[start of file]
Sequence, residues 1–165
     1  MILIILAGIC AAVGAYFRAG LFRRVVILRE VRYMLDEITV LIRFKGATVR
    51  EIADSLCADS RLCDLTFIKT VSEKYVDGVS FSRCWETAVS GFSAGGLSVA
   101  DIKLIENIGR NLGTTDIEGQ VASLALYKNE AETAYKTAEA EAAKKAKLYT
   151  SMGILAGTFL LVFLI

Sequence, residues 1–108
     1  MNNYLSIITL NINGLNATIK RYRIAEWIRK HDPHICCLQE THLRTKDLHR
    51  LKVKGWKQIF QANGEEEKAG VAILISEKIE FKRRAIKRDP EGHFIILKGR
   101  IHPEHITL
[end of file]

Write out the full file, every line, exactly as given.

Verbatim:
Sequence, residues 1–165
     1  MILIILAGIC AAVGAYFRAG LFRRVVILRE VRYMLDEITV LIRFKGATVR
    51  EIADSLCADS RLCDLTFIKT VSEKYVDGVS FSRCWETAVS GFSAGGLSVA
   101  DIKLIENIGR NLGTTDIEGQ VASLALYKNE AETAYKTAEA EAAKKAKLYT
   151  SMGILAGTFL LVFLI

Sequence, residues 1–108
     1  MNNYLSIITL NINGLNATIK RYRIAEWIRK HDPHICCLQE THLRTKDLHR
    51  LKVKGWKQIF QANGEEEKAG VAILISEKIE FKRRAIKRDP EGHFIILKGR
   101  IHPEHITL